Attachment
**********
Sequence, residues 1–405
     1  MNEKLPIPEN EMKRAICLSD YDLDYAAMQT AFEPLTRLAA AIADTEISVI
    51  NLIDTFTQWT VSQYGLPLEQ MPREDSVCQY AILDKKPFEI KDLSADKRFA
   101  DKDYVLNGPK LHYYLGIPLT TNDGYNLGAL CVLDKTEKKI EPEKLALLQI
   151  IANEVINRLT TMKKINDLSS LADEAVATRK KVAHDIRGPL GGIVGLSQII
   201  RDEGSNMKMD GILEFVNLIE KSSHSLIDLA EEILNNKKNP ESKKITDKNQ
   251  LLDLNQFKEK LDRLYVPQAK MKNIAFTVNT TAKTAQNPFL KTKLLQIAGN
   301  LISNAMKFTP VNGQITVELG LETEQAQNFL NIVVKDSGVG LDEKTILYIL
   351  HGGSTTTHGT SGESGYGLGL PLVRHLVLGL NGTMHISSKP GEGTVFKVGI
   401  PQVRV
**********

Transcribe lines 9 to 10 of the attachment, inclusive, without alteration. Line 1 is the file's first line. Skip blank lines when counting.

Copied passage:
   351  HGGSTTTHGT SGESGYGLGL PLVRHLVLGL NGTMHISSKP GEGTVFKVGI
   401  PQVRV